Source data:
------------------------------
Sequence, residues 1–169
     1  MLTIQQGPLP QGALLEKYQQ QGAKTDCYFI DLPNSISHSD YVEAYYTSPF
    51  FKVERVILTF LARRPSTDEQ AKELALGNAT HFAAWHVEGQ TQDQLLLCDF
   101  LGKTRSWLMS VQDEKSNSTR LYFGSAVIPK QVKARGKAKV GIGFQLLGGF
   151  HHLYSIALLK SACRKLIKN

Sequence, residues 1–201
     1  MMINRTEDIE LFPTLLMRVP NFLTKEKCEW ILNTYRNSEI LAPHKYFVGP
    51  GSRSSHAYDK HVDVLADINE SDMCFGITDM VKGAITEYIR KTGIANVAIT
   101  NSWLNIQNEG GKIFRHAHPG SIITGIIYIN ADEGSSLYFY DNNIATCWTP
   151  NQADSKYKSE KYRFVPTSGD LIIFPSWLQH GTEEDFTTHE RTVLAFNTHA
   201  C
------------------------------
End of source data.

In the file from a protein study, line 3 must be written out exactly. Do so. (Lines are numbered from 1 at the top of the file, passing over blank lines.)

    51  FKVERVILTF LARRPSTDEQ AKELALGNAT HFAAWHVEGQ TQDQLLLCDF